A screenshot from Watchitoo, an inventive and powerful new addition to the Web conferencing field.
Here are our top choices for live streaming tools, webinars & employee collaboration online
Target audience: Businesses, brands, educators, nonprofits, community organizations, Web publishers, individuals. Updated Feb. 18, 2011.
The following guide, originally created by TechSoup Global, has been significantly updated and expanded by J.D. Lasica and Kim Bale.
More and more businesses and entrepreneurs are turning to Web conferencing services to communicate with fellow staff members, customers, supporters and prospects.
A Web conference is a virtual meeting you conduct online, allowing you to share documents and applications from your computer with people in far-flung locations and to communicate with them via video, text or voice chat. Through Web conferencing, you can bring together employees to collaborate on a project, present webinars about your latest product or services, or train advocates or support staff.
While your business likely uses email or conference calls for much of your long-distance communication, sometimes a full-blown virtual meeting is the only way to hammer out the details of an important initiative. Web conferencing lets anyone with an Internet connection and a Web browser meet and collaborate online in real time.
Some conferencing tools require participants to install a piece of software on their own computers before they can participate; other tools are entirely Web-based. All require an Internet connection. The tools differ in the features they provide for collaboration and communication. For instance, some let participants speak to one another through their computers’ microphones while others let everyone interact via video. Still others have an option to join the audio part of the conference by a separate audio/telephone bridge.
To help you choose a service that suits your business, we’ve pointed out features commonly found in Web conferencing products and explained other considerations you should be aware of. Our list leaves out tools like Skype and Apple’s iChat, which offer great video conferencing (video chat) and text chat for a limited number of people but don’t offer full-on Web conferencing services that offer a wide range of collaboration capabilities.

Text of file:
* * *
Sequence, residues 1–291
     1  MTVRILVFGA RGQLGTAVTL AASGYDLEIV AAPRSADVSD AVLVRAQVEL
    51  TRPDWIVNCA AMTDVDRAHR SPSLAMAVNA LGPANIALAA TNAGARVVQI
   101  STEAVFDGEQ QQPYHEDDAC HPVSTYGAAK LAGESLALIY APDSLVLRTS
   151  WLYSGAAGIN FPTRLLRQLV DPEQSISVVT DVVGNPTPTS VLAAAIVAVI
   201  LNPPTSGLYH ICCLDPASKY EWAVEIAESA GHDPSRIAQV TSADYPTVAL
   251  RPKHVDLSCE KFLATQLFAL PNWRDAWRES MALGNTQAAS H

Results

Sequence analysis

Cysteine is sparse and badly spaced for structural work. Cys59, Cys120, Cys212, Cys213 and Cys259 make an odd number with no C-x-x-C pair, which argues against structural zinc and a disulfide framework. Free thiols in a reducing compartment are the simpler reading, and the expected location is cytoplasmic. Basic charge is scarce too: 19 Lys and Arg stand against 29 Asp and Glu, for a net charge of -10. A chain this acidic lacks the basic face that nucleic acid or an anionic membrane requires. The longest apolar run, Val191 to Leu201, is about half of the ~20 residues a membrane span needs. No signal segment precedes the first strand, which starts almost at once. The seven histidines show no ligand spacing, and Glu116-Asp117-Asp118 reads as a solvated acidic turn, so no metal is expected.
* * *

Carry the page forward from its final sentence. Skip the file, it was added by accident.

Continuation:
When considering all of these great features, it’s important to consider how these capabilities will affect your Local Area Network (LAN). For example, many of the products below include videoconferencing. One person using hosted videoconferencing at a location wouldn’t add to much to local network issues. Multiple workers videoconferencing at the same time could slow the rest of your network traffic.
Whenever possible, try out the product before purchasing. Use the information below and on product websites to narrow your choices, then try the two or three products that best fit your needs.
Here is our comparison of 14 top Web conferencing services. If you have your own favorites, or have any updates or corrections, please share them in the comments!
Watchitoo: Multimedia collaboration
1We used Watchitoo during Personal Democracy Forum and the midterm elections and were impressed with its rich collaboration feature set. Watchitoo is a real-time collaboration platform where multimedia presentations meld with video conferencing to create a powerful stage for online communication. Its technology lets you easily host and participate in cutting-edge presentations that support multiple video feeds, screen sharing, white-boarding, API implementation, embedding capabilities and recording functionalities that enhance employee communication and collaboration.
Software required: Web-based, no download required.
Invitation tools: Multiple embed locations, internal email invitations.
Collaboration tools: Screen sharing, up to 25 presenters while simultaneously playing any form of rich media, text chat, questions, Twitter & Facebook posting, mobile access, videoconferencing, video editing, whiteboard.
Polling & survey: Coming in the next 75 days.
Post-meeting reports: Yes
Pricing: Free up to 5 people; up to 25 people for $39/month plan; up to 50 people for $49/month plan with a larger storage capacity.
Pay per use: Yes for live events
Trial: 30-day free trial
Bottom line: A cutting-edge service for collaborating around rich-media projects. Includes some capabilities not found elsewhere. One hiccup: a slight time lag in VoIP conversations.
Cisco WebEx Meeting: An industry stand-by
2The granddaddy of Web conferencing services, WebEx, was purchased by Cisco in 2007 for $3.2 billion. The WebEx suite offers a broad range of Web conferencing services, including a Meeting Center, Event Center, Training Center and Support Center. WebEx and Microsoft Office Live Meeting are considered the two heavyweights in the field.
Software required: No downloads for participants, will run on any Internet server or smartphone mobile device.
Invitation tools: Send meeting invitations and reminders using an automated phone call, text message, email from your local client or instant message.
Collaboration tools: Screen sharing via desktop and applications. Multiple presenters, annotating tools, text chat, teleconferencing, VoIP, mobile access for iPhone and Blackberry devices, videoconferencing.
Polling & survey: Yes
Post-meeting reports: Yes
Pricing: $49/month or $468/year per host. Additional options for the WebEx Training Center (up to 1,000 participants) and Event Center (up to 3,000). Continue reading